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The late Nora Ephron on happiness in middle age

l pinkmountain
6 months ago

Saw this meme on FB this week. According to Nora Ephron, these are the keys to happiness in middle age:

Gather friends and feed them, laugh in the face of calamity, and cut out all the things––people, jobs, body parts––that no longer serve you.


I think I might be more happy if I could do more of these. I used to live in a more communal situation where I ate with co-workers and often had folks over for dinner, or attended luncheons, etc. Almost nil at this point. No one wants to do these kinds of things in my social circle. Most live too far away. I get together once and a while with far flung friends, but almost nothing locally. Church is my one social outlet, but at 62, I am one of the youngest members . . .


Hubs is very negative and does not share my sense of humor. I try to watch as many good comedy stuff as I can but the pickings are old and slim. Again, miss my more jokey friends that I can laugh with.


I am trying to cut out the problematic things in my life, I'm still smack dab in the middle of Swedish Death Cleaning. But this is made extremely difficult by my father's insistence that I hold on to many of the things in this house that just don't work! This was an age old problem for me and for my mother, my father was in the junk business, not throwing stuff out was ingrained in his blood. I throw some of his things out, but the pace has to be slow so he doesn't completely wig out. I have to hear how it is still good and I don't appreciate him or the things. Of course it is bs but I still have to listen to it. I try to spend as little time in his negative mindset space as possible, but I'm his sole caretaker. (Imagine that!) I try to find other folks to help, sometimes they manage to stay for a while. He has finally burned out his caretaker of 4 years, which is sad mostly for me. She was a saint.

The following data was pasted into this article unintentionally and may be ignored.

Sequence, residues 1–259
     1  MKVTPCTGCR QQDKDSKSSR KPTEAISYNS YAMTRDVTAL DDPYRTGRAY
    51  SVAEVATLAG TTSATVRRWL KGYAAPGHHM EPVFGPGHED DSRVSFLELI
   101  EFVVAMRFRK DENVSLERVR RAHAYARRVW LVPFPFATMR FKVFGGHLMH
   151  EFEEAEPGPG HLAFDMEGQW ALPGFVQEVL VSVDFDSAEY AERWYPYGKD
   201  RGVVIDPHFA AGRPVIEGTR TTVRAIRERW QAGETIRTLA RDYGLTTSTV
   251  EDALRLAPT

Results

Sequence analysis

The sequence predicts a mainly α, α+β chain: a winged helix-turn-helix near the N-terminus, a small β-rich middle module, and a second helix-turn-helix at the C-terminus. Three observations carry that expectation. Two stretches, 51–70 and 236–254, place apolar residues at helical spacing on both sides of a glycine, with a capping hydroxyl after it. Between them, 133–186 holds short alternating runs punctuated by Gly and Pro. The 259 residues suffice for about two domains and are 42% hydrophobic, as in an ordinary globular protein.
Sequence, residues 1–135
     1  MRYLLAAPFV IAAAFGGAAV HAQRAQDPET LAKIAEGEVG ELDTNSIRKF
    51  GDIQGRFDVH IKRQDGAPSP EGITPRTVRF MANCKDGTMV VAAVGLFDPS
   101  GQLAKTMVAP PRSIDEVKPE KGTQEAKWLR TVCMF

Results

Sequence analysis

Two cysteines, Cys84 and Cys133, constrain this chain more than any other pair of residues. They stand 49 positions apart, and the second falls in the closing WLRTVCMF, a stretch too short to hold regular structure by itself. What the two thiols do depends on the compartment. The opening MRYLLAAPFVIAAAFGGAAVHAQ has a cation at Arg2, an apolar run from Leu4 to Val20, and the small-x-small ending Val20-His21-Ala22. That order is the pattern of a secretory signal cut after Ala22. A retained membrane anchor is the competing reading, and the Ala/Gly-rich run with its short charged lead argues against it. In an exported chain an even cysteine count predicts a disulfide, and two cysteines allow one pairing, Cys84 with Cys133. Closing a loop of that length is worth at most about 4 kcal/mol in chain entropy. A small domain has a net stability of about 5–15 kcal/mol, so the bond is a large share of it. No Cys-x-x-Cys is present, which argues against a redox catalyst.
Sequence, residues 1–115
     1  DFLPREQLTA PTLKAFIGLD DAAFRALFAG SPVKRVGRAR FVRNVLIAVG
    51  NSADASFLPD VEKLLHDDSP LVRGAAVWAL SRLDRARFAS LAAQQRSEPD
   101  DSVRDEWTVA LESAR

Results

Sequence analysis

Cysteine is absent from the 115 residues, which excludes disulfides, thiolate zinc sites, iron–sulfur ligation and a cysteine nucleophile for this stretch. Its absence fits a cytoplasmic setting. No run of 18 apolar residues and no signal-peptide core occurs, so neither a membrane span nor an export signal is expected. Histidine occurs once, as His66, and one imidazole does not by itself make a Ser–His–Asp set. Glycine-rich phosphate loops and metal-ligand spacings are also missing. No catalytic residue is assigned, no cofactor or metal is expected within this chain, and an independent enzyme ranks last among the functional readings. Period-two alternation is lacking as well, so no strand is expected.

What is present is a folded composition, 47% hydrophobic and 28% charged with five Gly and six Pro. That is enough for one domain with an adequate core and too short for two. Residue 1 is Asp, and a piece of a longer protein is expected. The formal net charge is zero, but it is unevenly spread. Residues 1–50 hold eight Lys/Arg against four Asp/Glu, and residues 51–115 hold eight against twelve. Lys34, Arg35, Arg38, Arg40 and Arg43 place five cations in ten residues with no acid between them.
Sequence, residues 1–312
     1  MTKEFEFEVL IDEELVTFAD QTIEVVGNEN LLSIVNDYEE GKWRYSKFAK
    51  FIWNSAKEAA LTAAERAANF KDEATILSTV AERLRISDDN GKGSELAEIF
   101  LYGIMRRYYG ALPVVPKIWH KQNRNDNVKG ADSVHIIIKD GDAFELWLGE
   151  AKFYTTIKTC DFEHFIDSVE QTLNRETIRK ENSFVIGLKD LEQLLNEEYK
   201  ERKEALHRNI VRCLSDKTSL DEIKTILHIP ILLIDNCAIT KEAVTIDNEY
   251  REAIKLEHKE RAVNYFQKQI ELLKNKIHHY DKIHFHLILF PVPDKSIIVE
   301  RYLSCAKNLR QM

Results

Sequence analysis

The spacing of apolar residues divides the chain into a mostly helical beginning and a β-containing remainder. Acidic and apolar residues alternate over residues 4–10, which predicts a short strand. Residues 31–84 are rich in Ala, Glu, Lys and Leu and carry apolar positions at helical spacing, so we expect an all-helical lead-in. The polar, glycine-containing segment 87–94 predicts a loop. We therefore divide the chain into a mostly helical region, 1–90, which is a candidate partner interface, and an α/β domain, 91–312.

This is also exacerbated by my being an environmentalist and the waste of throwing out things that don't work for me still bothers me. So I try to fix things, adapt them, or find someone who wants the things, which is tedious.


As for casting aside people, I'm not sure that we can just throw everyone away . . . we're left kind of lonely. At least for me, the extrovert. I have nice colleagues, but few close friends, which bums me out.


How are you doing on this list?

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